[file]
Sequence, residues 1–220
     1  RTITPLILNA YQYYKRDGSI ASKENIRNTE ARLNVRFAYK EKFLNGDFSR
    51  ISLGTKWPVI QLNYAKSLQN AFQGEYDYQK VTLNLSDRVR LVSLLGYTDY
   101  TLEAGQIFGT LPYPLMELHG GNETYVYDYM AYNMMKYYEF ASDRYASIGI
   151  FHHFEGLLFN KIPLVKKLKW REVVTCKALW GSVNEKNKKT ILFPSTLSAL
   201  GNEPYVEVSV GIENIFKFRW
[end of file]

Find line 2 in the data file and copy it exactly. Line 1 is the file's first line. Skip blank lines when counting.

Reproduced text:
     1  RTITPLILNA YQYYKRDGSI ASKENIRNTE ARLNVRFAYK EKFLNGDFSR